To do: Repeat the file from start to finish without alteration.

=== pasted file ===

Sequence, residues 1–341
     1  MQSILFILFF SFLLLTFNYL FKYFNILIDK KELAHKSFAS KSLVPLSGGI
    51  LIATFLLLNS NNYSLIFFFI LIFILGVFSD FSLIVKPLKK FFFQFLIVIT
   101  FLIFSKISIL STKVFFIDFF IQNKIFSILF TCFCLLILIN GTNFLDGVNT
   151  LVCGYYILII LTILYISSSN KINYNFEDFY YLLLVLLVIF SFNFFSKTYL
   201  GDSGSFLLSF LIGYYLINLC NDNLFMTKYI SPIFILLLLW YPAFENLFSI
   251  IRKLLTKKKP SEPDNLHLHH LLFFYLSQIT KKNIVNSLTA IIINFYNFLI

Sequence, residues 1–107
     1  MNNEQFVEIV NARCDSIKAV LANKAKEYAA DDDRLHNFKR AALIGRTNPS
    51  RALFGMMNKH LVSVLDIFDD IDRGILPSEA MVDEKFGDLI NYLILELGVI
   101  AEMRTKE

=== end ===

Sequence, residues 1–341
     1  MQSILFILFF SFLLLTFNYL FKYFNILIDK KELAHKSFAS KSLVPLSGGI
    51  LIATFLLLNS NNYSLIFFFI LIFILGVFSD FSLIVKPLKK FFFQFLIVIT
   101  FLIFSKISIL STKVFFIDFF IQNKIFSILF TCFCLLILIN GTNFLDGVNT
   151  LVCGYYILII LTILYISSSN KINYNFEDFY YLLLVLLVIF SFNFFSKTYL
   201  GDSGSFLLSF LIGYYLINLC NDNLFMTKYI SPIFILLLLW YPAFENLFSI
   251  IRKLLTKKKP SEPDNLHLHH LLFFYLSQIT KKNIVNSLTA IIINFYNFLI

Sequence, residues 1–107
     1  MNNEQFVEIV NARCDSIKAV LANKAKEYAA DDDRLHNFKR AALIGRTNPS
    51  RALFGMMNKH LVSVLDIFDD IDRGILPSEA MVDEKFGDLI NYLILELGVI
   101  AEMRTKE